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The Digital Dilemma: Finding a Solution to the York University Strike

In the past 15 years…CUPE 3903, representing York University’s Teaching Assistants and Contractual Staff, have gone on strike three times. Last time that occurred (2008-2009), the strike went on for 3 months, causing a major disruption to undergraduate students who were looking to finish studies, complete placements and move into the workforce.

Today, the teaching assistants and contractual staff at York University hit the picket lines yet again. 71% of the 3,700 union members voted against the offer that university made. The bargaining team made the recommendation for its members to reject the offer, which included a 1.5% raise. The union wants 3%.

York President Mamdouh Shoukri said the university is facing “fiscal challenges” but had not sought concessions or a pay freeze, and was disappointed with the strike. Since most of the undergraduate classes are reliant on contractual staff, all classes were cancelled until further notice.

The teaching assistants are unhappy with their wages as explained in a previous paragraph. They are making approximately $45/h, but when you factor in tuition the wages come down to $15. Considering that the minimum wage is $11/h the fact is that many people would do just about anything to switch places with them.

The Reality

The reality is that the value of education is dropping fast for university students throughout North America. Universities are becoming bureaucracies and places of business with a primary focus on research and innovation rather than education.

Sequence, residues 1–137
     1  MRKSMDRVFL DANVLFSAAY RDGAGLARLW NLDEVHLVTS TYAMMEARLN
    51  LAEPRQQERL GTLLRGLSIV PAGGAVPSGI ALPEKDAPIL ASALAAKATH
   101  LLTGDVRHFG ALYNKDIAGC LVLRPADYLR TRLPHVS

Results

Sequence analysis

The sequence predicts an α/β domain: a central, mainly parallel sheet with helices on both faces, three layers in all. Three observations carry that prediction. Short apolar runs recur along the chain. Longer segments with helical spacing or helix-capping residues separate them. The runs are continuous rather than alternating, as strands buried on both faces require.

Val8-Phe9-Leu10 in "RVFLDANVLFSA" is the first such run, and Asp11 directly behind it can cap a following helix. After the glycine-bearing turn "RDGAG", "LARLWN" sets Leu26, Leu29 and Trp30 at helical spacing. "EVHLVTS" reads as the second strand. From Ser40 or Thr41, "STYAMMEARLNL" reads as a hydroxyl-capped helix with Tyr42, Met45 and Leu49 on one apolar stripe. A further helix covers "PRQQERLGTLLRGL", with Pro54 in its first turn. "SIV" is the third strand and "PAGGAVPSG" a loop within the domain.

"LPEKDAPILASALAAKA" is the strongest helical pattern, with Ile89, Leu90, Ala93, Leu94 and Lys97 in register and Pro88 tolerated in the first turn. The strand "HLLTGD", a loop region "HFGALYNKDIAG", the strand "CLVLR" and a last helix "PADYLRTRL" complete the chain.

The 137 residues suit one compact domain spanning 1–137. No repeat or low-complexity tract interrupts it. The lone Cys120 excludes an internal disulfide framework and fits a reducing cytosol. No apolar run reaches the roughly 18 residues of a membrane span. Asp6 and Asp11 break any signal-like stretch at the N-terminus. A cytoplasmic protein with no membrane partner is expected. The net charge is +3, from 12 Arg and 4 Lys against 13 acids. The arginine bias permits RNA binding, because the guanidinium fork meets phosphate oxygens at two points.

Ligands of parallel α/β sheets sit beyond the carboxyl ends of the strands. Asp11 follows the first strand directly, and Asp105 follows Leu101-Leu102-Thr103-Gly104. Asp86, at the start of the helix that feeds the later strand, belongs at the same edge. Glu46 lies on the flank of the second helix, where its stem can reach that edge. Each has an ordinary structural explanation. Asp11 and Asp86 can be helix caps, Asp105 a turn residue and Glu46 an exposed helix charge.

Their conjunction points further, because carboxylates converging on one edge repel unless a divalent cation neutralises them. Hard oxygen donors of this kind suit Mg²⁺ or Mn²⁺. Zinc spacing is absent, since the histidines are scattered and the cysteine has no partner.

A post-graduate degree has traditionally been considered the key to a good job. But the rising cost of living and increasing student debt, combined with shrinking financial and educational returns are undermining the perception that university is a good investment.

According to The Economist, 1 in 3 university students today are unable to find fulltime employment within the first two years of graduation. That’s because after graduation many students need to take additional courses to build upon the skills they learned in school. Going into online marketing, I wasn’t taught about how to use social media and the various online marketing-related technologies in the workplace by my marketing professors.

Most of the professors requested traditional essays and prescribed traditional textbooks to read and the content was focused on traditional marketing. Lectures were often done using a blackboard and chalk or PowerPoint. If students wanted to learn about online marketing, which is a trending area at this moment, they had to either learn it on their own or take professional development courses elsewhere.

The Digital Dilemma

To see how efficient higher education can be, we can look at the recently-opened online Western Governors University (WGU). Education there costs less than $6,000 a year, compared with approximately $50,000 per year for tuition at Harvard. Students are permitted to study and take their exams whenever they feel like, not when the sabbaticals, holidays and scheduling of teaching staff permit them. The average time to complete a degree is just two-and-a-half years.

It does not become very difficult to surmise that digital course alternatives are where the world is headed…and for very good reason.

elearning

March 3, 2015

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